Identifying Drivers of Ewing sarcoma Using Engineered iPSC of European and African Ancestry
Ewing sarcoma (ES) is a pediatric cancer that occurs nearly exclusively among individuals with substantial European ancestry, displaying one of the widest disparities in incidence compared with people of African or Asian ancestry. Although suggestive of genetic predisposition, ES is not linked to any high-penetrance genetic syndromes. Strikingly, 90% of ES tumors harbor a translocation-mediated fusion of the EWS and FLI1 genes, creating the potent EWS-FLI1 oncoprotein. EWS-FLI1 binds specific repeated DNA sequences adjacent to a broad set of genes, dysregulating their function and initiating a cellular program of oncogenic growth, metabolism and migration. The degree of dysregulation caused by EWS-FLI1 correlates with the length of these specific repeated DNA sequences, which differ based on individual ancestry.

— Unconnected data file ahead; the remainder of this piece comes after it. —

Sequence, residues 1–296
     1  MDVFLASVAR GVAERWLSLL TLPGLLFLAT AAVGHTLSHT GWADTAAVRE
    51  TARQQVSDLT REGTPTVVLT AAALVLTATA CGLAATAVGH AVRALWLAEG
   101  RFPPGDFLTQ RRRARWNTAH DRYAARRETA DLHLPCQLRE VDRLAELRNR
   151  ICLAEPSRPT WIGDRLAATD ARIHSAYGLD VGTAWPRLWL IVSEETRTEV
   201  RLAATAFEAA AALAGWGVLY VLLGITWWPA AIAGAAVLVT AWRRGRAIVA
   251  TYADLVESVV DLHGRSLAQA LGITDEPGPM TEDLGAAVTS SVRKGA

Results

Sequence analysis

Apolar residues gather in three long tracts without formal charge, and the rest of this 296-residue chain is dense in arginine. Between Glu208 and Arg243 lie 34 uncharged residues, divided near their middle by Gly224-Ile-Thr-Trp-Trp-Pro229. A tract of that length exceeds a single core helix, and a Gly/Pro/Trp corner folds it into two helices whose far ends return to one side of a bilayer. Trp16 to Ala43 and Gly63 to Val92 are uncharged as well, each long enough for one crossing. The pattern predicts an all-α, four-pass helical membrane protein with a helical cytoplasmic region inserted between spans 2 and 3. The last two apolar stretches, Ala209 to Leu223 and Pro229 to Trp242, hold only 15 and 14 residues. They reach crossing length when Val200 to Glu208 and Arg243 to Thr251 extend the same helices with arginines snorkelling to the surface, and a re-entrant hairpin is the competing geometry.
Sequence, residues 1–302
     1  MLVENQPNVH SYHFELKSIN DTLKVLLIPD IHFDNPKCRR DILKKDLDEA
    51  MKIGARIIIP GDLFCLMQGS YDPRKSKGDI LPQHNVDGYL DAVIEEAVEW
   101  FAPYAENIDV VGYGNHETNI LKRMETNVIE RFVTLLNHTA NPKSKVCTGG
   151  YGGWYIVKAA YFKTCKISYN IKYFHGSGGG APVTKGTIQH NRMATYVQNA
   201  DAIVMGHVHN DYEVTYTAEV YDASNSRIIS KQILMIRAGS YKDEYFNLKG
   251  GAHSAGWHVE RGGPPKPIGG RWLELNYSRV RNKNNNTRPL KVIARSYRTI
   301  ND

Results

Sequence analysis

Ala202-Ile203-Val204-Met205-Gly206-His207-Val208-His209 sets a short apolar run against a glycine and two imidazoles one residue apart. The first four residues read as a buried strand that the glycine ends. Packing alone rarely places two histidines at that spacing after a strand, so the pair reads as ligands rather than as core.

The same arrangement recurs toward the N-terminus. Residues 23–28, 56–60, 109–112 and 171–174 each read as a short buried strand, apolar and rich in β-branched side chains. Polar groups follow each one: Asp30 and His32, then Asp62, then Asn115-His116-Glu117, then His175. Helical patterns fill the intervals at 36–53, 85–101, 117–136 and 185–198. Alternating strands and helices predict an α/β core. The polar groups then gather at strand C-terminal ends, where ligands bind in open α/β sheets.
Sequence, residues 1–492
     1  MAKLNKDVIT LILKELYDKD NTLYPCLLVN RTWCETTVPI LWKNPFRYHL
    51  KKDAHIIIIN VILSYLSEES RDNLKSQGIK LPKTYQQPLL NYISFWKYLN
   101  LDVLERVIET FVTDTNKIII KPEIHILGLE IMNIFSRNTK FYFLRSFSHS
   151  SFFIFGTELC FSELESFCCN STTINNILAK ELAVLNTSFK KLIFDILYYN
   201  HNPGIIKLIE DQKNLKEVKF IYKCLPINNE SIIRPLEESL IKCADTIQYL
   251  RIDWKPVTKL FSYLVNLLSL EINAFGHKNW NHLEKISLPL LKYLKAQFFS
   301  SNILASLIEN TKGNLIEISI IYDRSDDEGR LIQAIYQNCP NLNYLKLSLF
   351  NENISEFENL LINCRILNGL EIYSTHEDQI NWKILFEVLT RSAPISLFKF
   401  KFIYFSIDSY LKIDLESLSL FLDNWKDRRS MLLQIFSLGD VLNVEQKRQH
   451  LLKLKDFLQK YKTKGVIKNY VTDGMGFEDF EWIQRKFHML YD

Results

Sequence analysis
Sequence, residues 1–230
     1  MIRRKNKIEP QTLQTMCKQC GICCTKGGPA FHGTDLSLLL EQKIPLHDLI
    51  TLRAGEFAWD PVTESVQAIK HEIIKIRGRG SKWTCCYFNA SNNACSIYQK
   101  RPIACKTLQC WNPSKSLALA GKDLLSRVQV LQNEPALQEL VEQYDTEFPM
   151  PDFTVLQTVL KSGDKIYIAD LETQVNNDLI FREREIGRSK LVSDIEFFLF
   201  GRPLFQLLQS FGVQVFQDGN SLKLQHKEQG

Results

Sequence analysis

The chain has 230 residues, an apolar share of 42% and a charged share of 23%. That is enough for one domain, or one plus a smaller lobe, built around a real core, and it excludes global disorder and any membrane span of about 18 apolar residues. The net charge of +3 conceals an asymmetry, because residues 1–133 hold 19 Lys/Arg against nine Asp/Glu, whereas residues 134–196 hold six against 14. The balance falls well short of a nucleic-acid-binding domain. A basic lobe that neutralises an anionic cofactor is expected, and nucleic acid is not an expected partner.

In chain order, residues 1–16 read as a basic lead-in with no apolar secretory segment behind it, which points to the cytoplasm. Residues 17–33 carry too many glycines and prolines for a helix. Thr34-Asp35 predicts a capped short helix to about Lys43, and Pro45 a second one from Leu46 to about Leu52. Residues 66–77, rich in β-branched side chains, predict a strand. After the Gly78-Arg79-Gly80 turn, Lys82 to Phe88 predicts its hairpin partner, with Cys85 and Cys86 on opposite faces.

We hypothesize that disparity in ES occurrence between individuals of European and African ancestry is linked to differing lengths of these specific repeated sequences in each population. We will utilize cutting-edge induced pluripotent stem cell (iPSC)-based tumor modeling and genetic engineering to test our hypothesis at a mechanistic level not possible using any other strategy – namely, we will induce EWS-FLI1 in iPSC derived from individuals with genetically-determined ancestry ranging from 100% African to 100% European. The results of this study will provide crucial insight into the role that genomic context plays in susceptibility to ES and will drive future research by identifying new, actionable drug targets for validation and therapeutic targeting. As fusion oncoproteins are implicated in several pediatric sarcomas, our strategy and findings are likely to have broad applications beyond ES.
Mentored by Dr. Beau Webber
University of Minnesota, Minneapolis, MN